|Birth: ||Jan. 6, 1840|
New York, USA
|Death: ||Jun. 28, 1917|
W. L. ALLEN FOUND DEAD NEAR ROOSEVELT
Tidings of the death of one of the old residents of the Ashley Valley reached Vernal yesterday. The sad event was the sudden demise of Warren Leslie Allen of Neola. He has been making his home with his youngest daughter, Mrs. Fred Hartle, but he had a farm rented a few miles from Roosevelt and was on that farm when found dead Wednesday morning. The body has been brought to Vernal and the funeral is being held in Naples today.
Mr. Allen was born near Lake Champlain, New York during the year 1840. During his youth he learned the trade of an engineer on boats plying on the Mississippi River. Later on he came west and engaged as a locomotive engineer on the Union Pacific Railroad. He followed this occupation until he came to Vernal, about 1885.
He married Mary J. Southam and their union was blessed by a large family. These children are still living. They are Henry Allen, Mrs. Esther Green and Mrs. Fred Hartile. Mrs. Mary Jane Allen died about two years ago. Several of the children also died within the last few years. Mr. Allen was an honorable upright man and had a host of friends in the Ashley Valley.
-Vernal Express, June 29, 1917, transcribed by Rhonda Holton
Warren Leslie Allen Sr. is the son of Adaline Everest and Jabez Allen. He married Mary Jane Southam Sr. March 1881 in Salt Lake City, Utah. They have seven children.
Warren Leslie Allen and wife Mary or Mamie as her siblings called her, bought a ranch on the Bear River about eight miles north and a little east of Evanston. Allen got his part of the ranch pretty cheap and Father-in-law George located his part, 160 acres under the timber act. The requirements of that act were that ten acres must be planted to trees before the title could be perfected from the Government. Mother-In-Law Catherine had gone to Evanston again and Mamie and her brother George had been left in Wasatch until they made the final move.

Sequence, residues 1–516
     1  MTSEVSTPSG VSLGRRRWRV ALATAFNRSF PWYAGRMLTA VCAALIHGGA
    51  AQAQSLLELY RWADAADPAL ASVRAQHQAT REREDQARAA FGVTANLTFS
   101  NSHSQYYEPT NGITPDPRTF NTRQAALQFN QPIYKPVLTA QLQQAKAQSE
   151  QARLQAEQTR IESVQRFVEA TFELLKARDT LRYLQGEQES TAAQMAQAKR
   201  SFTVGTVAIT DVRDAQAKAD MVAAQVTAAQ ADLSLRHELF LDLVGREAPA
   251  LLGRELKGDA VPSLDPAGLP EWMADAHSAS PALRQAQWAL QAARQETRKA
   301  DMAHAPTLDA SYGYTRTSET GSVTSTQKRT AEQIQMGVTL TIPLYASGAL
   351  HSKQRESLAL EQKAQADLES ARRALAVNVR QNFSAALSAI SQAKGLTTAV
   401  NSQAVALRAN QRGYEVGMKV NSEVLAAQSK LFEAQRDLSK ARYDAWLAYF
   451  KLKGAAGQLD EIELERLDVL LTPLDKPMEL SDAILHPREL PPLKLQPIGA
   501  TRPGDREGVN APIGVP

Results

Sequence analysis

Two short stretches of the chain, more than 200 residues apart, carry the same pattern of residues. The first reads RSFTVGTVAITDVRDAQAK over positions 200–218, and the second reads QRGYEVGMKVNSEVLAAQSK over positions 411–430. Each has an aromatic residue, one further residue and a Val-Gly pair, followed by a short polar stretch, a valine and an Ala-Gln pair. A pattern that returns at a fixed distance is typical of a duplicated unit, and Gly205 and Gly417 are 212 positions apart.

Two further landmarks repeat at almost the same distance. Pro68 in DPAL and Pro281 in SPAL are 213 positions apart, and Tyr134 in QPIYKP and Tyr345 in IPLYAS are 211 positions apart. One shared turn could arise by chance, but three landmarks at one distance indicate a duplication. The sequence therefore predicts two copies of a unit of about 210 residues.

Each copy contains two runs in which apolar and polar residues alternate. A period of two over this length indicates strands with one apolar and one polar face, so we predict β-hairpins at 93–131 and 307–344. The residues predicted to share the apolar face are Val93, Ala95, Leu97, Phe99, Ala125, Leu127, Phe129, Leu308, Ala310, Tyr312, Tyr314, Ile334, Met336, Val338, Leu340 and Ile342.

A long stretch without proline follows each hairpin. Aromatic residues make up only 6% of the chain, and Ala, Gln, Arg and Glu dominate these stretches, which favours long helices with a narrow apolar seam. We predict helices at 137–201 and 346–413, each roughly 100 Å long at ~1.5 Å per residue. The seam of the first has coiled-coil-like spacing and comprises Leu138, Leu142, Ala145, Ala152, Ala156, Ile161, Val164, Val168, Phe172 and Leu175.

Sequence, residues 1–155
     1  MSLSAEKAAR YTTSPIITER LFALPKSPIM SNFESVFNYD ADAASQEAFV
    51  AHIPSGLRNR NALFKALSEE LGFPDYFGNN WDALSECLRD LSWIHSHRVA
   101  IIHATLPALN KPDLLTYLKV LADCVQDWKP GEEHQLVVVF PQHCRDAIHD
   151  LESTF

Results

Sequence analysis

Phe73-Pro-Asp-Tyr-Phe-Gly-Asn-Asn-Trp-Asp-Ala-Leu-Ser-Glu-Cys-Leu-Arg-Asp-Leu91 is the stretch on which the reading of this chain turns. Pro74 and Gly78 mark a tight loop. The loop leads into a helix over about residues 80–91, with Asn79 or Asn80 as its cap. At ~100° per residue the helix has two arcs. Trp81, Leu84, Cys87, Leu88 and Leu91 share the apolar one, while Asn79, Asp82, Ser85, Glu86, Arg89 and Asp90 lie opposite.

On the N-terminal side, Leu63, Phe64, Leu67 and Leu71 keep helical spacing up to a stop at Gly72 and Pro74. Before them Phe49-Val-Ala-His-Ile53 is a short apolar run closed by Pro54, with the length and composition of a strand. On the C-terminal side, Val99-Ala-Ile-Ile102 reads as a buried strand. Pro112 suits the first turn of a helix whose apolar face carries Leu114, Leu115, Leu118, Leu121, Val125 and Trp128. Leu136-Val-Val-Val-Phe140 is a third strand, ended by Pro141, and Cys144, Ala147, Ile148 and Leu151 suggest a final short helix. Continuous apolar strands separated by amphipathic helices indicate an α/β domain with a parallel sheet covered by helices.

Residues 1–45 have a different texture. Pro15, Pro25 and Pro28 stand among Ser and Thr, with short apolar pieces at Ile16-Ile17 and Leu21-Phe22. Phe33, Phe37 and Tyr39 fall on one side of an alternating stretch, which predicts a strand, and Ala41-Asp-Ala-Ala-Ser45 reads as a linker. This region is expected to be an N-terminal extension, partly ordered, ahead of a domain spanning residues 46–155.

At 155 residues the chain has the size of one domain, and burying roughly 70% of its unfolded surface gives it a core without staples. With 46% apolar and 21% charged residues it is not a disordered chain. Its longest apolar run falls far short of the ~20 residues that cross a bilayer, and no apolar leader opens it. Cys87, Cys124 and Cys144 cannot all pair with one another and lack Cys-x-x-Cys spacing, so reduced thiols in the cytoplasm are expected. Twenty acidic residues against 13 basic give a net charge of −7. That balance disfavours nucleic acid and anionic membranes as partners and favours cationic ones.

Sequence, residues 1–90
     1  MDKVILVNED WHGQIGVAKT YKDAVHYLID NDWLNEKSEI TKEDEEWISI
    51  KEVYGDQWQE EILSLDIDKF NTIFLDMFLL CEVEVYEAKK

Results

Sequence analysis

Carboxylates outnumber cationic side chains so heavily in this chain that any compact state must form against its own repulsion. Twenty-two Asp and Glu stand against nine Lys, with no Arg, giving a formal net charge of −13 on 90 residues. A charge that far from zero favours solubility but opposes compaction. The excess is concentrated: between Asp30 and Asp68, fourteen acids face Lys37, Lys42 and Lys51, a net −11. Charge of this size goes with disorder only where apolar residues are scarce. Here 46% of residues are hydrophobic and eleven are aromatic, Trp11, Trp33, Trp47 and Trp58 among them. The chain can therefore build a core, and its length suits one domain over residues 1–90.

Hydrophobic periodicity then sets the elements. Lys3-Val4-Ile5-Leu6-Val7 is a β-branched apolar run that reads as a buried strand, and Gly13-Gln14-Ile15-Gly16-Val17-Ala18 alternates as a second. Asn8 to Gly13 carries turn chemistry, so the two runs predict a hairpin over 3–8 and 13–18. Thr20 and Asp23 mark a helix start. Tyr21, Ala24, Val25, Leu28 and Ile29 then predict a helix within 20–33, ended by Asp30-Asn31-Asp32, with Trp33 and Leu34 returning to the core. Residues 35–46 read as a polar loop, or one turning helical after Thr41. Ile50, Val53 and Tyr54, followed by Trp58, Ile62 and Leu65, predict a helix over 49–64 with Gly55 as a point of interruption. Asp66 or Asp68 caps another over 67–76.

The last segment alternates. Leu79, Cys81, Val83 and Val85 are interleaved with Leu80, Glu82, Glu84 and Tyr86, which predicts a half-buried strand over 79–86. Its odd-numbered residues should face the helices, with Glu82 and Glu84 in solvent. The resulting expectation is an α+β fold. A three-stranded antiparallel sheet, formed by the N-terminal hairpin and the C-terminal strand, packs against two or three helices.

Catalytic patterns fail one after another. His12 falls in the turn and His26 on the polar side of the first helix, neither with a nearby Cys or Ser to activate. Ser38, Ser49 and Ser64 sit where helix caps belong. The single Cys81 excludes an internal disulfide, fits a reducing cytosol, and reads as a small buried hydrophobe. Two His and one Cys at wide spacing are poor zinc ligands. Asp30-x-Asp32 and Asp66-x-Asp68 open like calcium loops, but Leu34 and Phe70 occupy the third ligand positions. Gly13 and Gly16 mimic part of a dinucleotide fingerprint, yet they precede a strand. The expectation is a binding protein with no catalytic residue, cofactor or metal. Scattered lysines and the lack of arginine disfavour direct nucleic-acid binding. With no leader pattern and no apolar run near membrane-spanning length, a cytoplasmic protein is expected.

At the ranch we lived in a house that had two rooms and a lean-to. In one of the rooms was a fireplace. Father-In-Law George, Mamie, her little brother and George were staying at the ranch and the rest of the family were in Evanston at the home we kept there so the children could go to school. George had been reading to us by the light of the fire in the fireplace and a bitch (that is a small container with some grease in it and a cloth with one end in the grease and the other hanging out and lighted). They went to bed and some time during the night the house caught on fire. The house was completely burned along with a new harness that we had been oiling.
The train track was near our house and a train came by and the crewmen saw the fire and stopped the train. They took Mamie and Will on into Evanston. About daylight my father George got on a horse and ride into Evanston. There were five or six inches of snow on the ground and it was about an eight mile ride and George had no coat or shoes. We got some lumber and soon had another building up to live in.
(from John Henry Southam history)
Mary Jane Southam Allen (1865 - 1913)*
Warren Leslie Allen (1883 - 1916)*
George Henry Allen (1885 - 1940)*
Vernal Memorial Park
Created by: Rhonda
Record added: Dec 23, 2007
Find A Grave Memorial# 23531797